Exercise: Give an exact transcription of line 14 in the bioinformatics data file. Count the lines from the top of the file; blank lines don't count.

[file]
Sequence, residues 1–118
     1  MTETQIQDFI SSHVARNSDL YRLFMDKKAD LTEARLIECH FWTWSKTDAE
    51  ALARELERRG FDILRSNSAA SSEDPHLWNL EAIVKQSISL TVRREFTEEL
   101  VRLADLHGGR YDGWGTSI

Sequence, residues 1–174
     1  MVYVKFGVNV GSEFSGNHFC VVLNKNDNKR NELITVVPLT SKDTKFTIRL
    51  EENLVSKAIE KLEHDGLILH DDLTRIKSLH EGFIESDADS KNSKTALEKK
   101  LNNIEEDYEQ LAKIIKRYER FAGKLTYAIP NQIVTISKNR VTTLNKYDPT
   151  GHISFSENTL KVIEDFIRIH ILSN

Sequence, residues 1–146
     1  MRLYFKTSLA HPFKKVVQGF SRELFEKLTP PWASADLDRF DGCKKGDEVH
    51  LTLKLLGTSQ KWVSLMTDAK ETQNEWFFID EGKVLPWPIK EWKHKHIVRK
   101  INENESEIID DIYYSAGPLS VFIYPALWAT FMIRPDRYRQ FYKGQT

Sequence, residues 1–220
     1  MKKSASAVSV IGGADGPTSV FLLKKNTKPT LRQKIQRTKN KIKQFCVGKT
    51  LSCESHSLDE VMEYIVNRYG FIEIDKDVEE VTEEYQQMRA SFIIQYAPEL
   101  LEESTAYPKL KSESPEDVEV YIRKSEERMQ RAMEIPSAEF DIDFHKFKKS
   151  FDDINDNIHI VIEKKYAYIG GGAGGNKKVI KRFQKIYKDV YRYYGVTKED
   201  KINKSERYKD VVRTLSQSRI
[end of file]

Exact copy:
Sequence, residues 1–220